Bye bye net neutrality, hello state censorship?

Posted on Dec 13 2016 by Paul Heritage-Redpath | No Comments

Not content with forcing ISPs to store the browsing history of UK citizens (as enshrined into law via the Investigatory Powers Act), the Government now appears to be ignoring the concept of net neutrality with its latest Bill entering the House of Lords. The Digital Economy Bill, due its second reading in the Lords today (13th December 2016), compels websites carrying material which “it is reasonable to assume from its nature that any classification certificate issued in respect of a video work including it would be an R18 certificate” to carry out age verification checks to try and stop youngsters accessing such material. If the sites don’t do this, ISPs will be required to block them. Yet EU net neutrality rules state that all Internet traffic must be treated equally and goes so far as to say that Governments cannot block access to sites that are legal – even if they are distasteful.

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Digital Infrastructure Investment Fund: welcome but not enough

Posted on Nov 24 2016 by Paul Heritage-Redpath | No Comments

In yesterday’s Autumn Statement the government announced measures that will, in their words, “bring faster and more reliable broadband for homes and businesses across the UK, boost the next generation of mobile connectivity and keep the UK in the forefront of the development of the Internet of Things.” A sweeping glance at the headline text suggests that the investment of £400m into a Digital Infrastructure Investment Fund (DIIF) and tax-relief on full fibre infrastructure are a great step forward for the development of Gigabit Britain, but as usual, the devil is in the detail. And it’s the consideration of the detail that has brought us to the opinion that Chancellor Philip Hammond has achieved nothing more than political manoeuvring aimed at satisfying the calls for more investment in the UK’s fibre communications infrastructure.

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Goodbye Investigatory Powers Bill, Hello Investigatory Powers ACT

Posted on Nov 17 2016 by Paul Heritage-Redpath | No Comments

This has been a year of unthinkable events, so it should come as no surprise that last night the Investigatory Powers Bill (IPB) passed the final hurdle in gaining approval by both the House of Commons and the House of Lords. All that’s left for it to become law is to gain Royal Assent – i.e. the Queen has to sign it off.

Entanet has campaigned hard against the IPB and its previous incarnations. Given the volume of data breaches already this year, as a responsible ISP we consider the collection of every citizen’s browsing history to be a profoundly bad idea; it is inevitable that, at best, there will be scope creep among government departments. At worst, your life will fall into the wrong hands.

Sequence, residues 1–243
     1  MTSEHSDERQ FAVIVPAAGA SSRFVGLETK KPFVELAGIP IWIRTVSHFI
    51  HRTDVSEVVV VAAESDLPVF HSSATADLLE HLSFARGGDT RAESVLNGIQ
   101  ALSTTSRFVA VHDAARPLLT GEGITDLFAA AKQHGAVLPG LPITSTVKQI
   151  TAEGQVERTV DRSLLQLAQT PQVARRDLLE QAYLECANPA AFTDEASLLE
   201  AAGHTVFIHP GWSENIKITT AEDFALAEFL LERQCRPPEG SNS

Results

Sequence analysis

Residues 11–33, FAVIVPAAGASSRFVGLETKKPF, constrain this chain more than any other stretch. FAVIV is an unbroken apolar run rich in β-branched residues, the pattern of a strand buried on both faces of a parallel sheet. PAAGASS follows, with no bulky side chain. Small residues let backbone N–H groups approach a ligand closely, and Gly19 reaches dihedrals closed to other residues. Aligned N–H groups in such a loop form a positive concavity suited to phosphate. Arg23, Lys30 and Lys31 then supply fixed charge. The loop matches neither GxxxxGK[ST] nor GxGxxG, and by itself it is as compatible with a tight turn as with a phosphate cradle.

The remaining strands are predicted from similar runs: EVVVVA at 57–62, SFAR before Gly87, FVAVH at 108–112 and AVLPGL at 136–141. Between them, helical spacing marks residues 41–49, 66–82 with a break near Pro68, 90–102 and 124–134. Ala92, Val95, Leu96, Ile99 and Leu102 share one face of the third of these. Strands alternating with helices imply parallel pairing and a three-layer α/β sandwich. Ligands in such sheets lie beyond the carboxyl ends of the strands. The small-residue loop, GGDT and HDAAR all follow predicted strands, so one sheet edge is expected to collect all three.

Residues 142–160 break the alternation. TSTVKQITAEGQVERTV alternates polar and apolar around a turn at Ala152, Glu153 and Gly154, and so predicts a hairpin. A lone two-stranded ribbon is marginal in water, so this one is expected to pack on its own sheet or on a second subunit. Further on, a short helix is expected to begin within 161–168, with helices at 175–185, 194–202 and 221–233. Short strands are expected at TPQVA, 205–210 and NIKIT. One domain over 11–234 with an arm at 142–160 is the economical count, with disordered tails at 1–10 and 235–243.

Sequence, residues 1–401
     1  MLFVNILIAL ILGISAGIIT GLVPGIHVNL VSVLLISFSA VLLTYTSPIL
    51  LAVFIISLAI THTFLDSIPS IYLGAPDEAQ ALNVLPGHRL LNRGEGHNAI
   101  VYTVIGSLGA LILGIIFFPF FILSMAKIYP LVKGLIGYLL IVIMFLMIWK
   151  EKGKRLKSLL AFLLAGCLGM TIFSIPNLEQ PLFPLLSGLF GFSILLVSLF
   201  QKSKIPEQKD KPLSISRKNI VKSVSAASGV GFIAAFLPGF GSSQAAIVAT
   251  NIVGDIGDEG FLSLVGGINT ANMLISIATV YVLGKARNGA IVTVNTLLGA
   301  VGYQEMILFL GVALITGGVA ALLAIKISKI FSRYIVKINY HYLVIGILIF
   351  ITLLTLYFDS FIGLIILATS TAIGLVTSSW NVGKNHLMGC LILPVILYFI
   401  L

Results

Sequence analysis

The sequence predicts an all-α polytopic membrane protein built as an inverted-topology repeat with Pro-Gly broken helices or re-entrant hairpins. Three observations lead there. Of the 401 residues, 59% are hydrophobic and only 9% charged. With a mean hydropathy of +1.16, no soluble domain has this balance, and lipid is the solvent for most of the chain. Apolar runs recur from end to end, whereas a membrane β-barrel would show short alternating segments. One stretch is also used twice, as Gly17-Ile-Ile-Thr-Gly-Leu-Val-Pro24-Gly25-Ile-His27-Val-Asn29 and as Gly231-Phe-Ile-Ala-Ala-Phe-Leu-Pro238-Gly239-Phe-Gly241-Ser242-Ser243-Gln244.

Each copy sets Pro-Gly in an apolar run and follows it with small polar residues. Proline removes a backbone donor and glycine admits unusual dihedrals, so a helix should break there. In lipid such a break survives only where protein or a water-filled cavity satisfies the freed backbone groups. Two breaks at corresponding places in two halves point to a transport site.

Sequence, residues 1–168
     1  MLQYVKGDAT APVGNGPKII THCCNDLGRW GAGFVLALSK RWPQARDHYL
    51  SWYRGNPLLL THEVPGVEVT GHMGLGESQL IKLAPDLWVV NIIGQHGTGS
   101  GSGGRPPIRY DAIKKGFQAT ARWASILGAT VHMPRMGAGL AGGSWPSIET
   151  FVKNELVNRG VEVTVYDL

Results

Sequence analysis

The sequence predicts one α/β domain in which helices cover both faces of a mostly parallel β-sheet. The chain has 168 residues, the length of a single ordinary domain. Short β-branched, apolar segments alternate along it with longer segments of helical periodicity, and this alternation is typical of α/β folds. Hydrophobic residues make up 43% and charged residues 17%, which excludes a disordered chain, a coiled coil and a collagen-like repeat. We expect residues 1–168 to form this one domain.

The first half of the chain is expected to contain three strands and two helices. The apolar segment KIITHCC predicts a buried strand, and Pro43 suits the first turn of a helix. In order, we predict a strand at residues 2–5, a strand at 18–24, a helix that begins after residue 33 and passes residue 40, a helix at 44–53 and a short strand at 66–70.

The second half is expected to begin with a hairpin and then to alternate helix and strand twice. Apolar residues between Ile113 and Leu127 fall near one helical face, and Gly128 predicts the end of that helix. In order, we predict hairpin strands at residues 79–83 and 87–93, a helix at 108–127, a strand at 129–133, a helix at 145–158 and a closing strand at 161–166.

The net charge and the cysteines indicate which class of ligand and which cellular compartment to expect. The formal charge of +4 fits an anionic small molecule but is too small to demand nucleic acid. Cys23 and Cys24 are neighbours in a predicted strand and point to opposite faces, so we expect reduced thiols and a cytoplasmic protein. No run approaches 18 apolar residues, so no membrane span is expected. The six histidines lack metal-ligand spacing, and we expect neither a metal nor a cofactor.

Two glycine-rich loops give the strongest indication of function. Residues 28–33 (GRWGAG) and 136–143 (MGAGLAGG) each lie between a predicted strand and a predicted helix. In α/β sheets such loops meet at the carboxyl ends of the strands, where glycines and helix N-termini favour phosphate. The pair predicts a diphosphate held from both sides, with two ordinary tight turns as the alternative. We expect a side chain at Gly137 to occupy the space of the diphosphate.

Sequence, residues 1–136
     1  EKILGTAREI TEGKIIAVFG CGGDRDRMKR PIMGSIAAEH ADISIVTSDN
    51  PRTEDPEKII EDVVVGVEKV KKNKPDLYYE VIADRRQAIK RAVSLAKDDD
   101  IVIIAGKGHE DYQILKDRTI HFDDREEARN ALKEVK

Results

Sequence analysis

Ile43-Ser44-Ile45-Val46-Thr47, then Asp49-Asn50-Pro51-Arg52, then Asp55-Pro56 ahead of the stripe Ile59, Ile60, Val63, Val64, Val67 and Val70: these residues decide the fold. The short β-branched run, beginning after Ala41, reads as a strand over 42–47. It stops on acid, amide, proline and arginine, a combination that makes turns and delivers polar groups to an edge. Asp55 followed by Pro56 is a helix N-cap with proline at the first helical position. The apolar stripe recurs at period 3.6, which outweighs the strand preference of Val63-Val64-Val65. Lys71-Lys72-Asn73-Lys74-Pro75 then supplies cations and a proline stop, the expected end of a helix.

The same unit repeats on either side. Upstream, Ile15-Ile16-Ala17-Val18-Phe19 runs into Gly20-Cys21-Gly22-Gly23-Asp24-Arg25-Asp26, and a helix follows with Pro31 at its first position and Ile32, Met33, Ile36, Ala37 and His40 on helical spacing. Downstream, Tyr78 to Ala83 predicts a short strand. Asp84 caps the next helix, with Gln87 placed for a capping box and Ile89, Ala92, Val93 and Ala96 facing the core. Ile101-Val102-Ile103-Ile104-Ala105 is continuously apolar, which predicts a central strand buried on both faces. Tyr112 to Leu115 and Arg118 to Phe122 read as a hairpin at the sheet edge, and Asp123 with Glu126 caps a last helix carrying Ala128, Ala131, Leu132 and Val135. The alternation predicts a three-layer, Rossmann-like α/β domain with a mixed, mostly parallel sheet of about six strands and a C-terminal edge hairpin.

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Guest Blog: The new Government and Brexit: what does it mean for the Internet industry?

Posted on Jul 27 2016 by Guest | No Comments
Nicholas Lansman, Secretary General, ISPA

Nicholas Lansman, Secretary General, ISPA

It has been a busy month since the UK voted to leave the European Union, with a new Prime Minister, a turbulent opposition and a host of new ministers getting to grips with their new portfolios. Amongst all this upheaval ISPA has been working with members to update them on the fast moving developments as well as continuing our core work representing the industry on key policy areas, meeting MPs to discuss rural broadband and the Universal Service Obligation, lobbying on aspects of the Investigatory Powers Bill, plus working on issues as diverse as broadband advertising, age-verification, ISP cyber-security and more.

So with all this in mind, we’ve asked Nicholas Lansman, ISPA Secretary General, to set out who the sector needs to know in the new Government, the status of some key pieces of legislation and the impact of Brexit on the sector. Read on…

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So, who is Matt Hancock?

Posted on Jul 21 2016 by Neil Watson | No Comments
Categories : Government, Ofcom, Regulation

We certainly can’t take all the credit, but Ed Vaizey was unceremoniously dumped from his role as Minister of State for Culture and the Digital Economy last Friday evening. His replacement is the MP for West Suffolk, Matt Hancock.

Representing West Suffolk since 2010, and serving as George Osborne’s chief of staff before that, Mr Hancock isn’t a complete neophyte when it comes to politics. But what of that subject so close to our hearts? Is he likely to be any better at promoting connectivity issues and engaging with the industry than his predecessor?

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